If you notice any of these behaviors in your dog, it is wise to consult your veterinarian as soon as possible. Before concluding that your dog is, in fact, suffering from anxiety or fear, your vet will first want to rule out any other conditions that may be causing the symptoms, such as braid or thyroid disease.
In addition, your vet may want to perform some blood tests in order to test for any toxic substances such as lead, that typically result in behaviors similar to those experienced by dogs with anxiety.
Variations in Fear in Dogs
There are multiple levels of fear and anxiety that dogs may experience, and each level has different symptoms. Those that cope with ongoing anxiety are likely to show signs of excessive biting and licking in the form of skin lesions as well as other indications of nervous self-harm.
Mild fears may cause a dog to hide, act passive, slow down and stop participating in normal activities, shake, tuck his or her tail, and withdraw. When fear escalates and becomes panic, dogs are likely to attempt escape and experience motor activities that can be seriously injurious.
Separation Anxiety in Dogs
Separation anxiety, in particular, is a unique problem that many dogs experience. Many behavioral problems seen in dogs can be attributed to lack of training or other problems, but in some cases they may actually be a sign of separation anxiety. The biggest indicator that “bad dog” behaviors are being triggered by separation anxiety is when behaviors linked to emotional distress are also present.
Separation anxiety in dogs is triggered when the people to whom they are attached, usually their main owner or guardian, leaves. Typically, dogs will begin by barking and yelping right after their owner leaves, but may also become more destructive after being alone for longer periods of time by chewing, digging, urinating, and trying to escape. If you notice your dog has a pattern of acting unsettled, anxious, or depressed before you leave, this is definitely a sign that your dog is experiencing separation anxiety. Some people may confuse separation anxiety with bad training, but distress signals like drooling or trying to prevent his owner from leaving are clear signs of separation anxiety.
The absence is perceived as a dangerous threat, and this triggers attempts at escape, which can cause serious household damage. This kind of destructive behavior is often centered around doors and windows, which the animal may perceive as “causing” the absence. Occasionally separation anxiety comes with the onset of old age as your pet’s cognitive processes, including memory, decline.
Separation anxiety is the most common specific anxiety in companion dogs (American Eskimo Dog, Bichon Frise, Boston Terrier, Cavalier King Charles Spaniel, Chihuahua, French Bulldog, Italian Greyhound, Lhasa Apso, Maltese, Pomeranian, Yorkshire Terrier, Toy Fox Terrier, Tibetan Terrier, Tibetan Spaniel, Silky Terrier, Shih Tzu, Shiba Inu, Schipperke, Pekingese, Pug). When alone, the animal exhibits anxiety or excessive distress behaviors.
Specific Causes of Fear and Anxiety in Dogs
There are many causes of fear and anxiety in dogs, but here are some that you are likely to encounter:
- Any physical problems that cause pain or serious illness; these factors can also prompt more serious phobias to develop
- Changes that come with aging, especially those affecting the nervous system
- Infectious illnesses, especially viral diseases
- Toxicity caused by poison or exposure to environmental hazards such as lead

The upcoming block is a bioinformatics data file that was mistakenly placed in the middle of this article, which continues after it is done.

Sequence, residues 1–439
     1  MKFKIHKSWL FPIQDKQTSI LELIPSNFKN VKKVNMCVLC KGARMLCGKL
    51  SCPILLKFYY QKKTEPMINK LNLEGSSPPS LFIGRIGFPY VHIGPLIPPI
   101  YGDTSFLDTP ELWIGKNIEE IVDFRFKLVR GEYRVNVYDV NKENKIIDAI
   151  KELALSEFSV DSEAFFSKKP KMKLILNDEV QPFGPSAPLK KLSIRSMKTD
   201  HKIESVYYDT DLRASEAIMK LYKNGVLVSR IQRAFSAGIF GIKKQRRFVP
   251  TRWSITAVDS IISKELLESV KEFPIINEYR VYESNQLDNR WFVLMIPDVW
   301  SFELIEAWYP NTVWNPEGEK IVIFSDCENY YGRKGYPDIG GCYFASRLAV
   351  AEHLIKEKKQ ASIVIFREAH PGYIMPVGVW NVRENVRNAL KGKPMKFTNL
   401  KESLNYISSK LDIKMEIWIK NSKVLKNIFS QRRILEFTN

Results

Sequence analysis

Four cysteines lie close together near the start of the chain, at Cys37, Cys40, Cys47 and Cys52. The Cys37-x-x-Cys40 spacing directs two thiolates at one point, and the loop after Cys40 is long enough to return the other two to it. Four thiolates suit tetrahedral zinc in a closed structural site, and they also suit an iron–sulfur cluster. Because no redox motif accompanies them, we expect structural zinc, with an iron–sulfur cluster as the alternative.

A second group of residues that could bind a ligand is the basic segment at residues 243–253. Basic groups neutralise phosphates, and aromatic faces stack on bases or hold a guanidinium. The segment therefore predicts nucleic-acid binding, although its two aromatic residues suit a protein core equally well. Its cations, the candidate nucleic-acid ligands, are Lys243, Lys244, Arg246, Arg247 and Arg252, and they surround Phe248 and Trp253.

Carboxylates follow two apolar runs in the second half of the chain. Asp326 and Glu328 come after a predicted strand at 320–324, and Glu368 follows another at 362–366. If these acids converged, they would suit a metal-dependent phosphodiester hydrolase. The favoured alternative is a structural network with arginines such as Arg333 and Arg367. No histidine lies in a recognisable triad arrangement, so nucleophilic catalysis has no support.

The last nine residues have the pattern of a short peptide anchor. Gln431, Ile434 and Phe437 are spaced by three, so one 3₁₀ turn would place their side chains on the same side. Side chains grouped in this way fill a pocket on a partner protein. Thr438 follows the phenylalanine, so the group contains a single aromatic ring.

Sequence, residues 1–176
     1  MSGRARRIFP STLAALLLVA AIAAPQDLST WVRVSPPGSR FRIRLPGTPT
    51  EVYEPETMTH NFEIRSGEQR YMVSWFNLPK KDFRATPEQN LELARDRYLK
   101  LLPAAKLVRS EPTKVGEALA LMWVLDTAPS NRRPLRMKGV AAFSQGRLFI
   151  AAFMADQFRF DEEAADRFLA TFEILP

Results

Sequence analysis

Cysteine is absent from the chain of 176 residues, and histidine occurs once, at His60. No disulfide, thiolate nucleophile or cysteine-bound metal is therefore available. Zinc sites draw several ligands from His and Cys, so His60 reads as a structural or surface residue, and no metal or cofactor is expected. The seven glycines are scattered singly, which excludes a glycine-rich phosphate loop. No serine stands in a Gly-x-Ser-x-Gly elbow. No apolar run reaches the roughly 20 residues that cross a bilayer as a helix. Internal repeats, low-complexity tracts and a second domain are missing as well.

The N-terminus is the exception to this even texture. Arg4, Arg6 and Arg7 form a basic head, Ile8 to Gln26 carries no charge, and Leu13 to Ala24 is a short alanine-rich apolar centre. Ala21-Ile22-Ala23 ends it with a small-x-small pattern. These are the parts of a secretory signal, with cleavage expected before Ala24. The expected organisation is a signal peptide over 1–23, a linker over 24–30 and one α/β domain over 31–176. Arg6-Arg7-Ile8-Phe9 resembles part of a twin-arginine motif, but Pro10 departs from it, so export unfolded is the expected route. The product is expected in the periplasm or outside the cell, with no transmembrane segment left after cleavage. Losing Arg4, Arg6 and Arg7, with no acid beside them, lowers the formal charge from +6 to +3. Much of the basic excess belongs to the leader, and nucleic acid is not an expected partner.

- Trauma or even simple unfamiliar settings and experiences that frighten
- Lack of early exposure (before 14 weeks old) to healthy social influences
- History of being trapped or crated close to the fear-inducing stimuli
- History of rehoming, abandonment, prior neglect, or multiple owners is especially likely to lead to separation anxiety
Treating Dog Anxiety – A Unique Approach
A dog’s diet should not only include the vital nutrients and vitamins for strong bones, healthy teeth and a lush coat. It should also sustain and improve critical biological functions, including mood, appetite and memory.
Optimal nutrition is extremely important for canine health, including your dog’s emotional well-being. However, it is important that you pair your dog’s healthy diet with regular exercise as well. Not only does rigorous exercise stimulate serotonin-production in the brain, but it also gets rid of pent-up energy that can fuel your dog’s anxiety. A short walk in the park or a game of fetch can work wonders when it comes to reducing stress and tension in your dog.
Just as important as exercising your dog’s body is exercising their mind. By surprising your dog with puzzle toys with food and treats hidden within them or making them “hunt” for their kibble around your house and yard, you are providing he or she with just the right amount of mental stimulation necessary to decrease stress and create appropriate outlets for them to release some of their energy.
With a well-rounded regimen of proper diet, rigorous exercise, ideal sleep conditions, and plentiful play time, your dog will enjoy the best possible health.
Canna-Pet® for Anxiety – Hemp Nutrition
A recent study by Colorado State University found that among those with an opinion, 83.2% of Canna-Pet® customers reported that our hemp products relived their pets anxiety a moderate amount or a great deal.
Donna Butler shares her experience using Canna-Pet® as an anti-anxiety for her dog Miles, who is paralyzed from the waist down after being diagnosed with degenerative myelopathy:
“He was starting to get real anxious. He was starting to react to loud noise in a way that he never had.”
Butler asked her veterinarian for something that would calm Miles’ anxiety. Her doctor, Angie Stamm, DVM, went with Canna-Pet as a natural remedy for dog anxiety.
“He’s just much more content,” Butler says. “He’s just much more stable.”
Prevention of Fear & Anxiety in Dogs
In order to prevent severe anxiety or fear in your dog, make sure to expose them to a variety of different social situations when they are young. This exposure to different environments with new sights, smells, and people during their formative years will help to decrease the likelihood of fearful behavior as they age.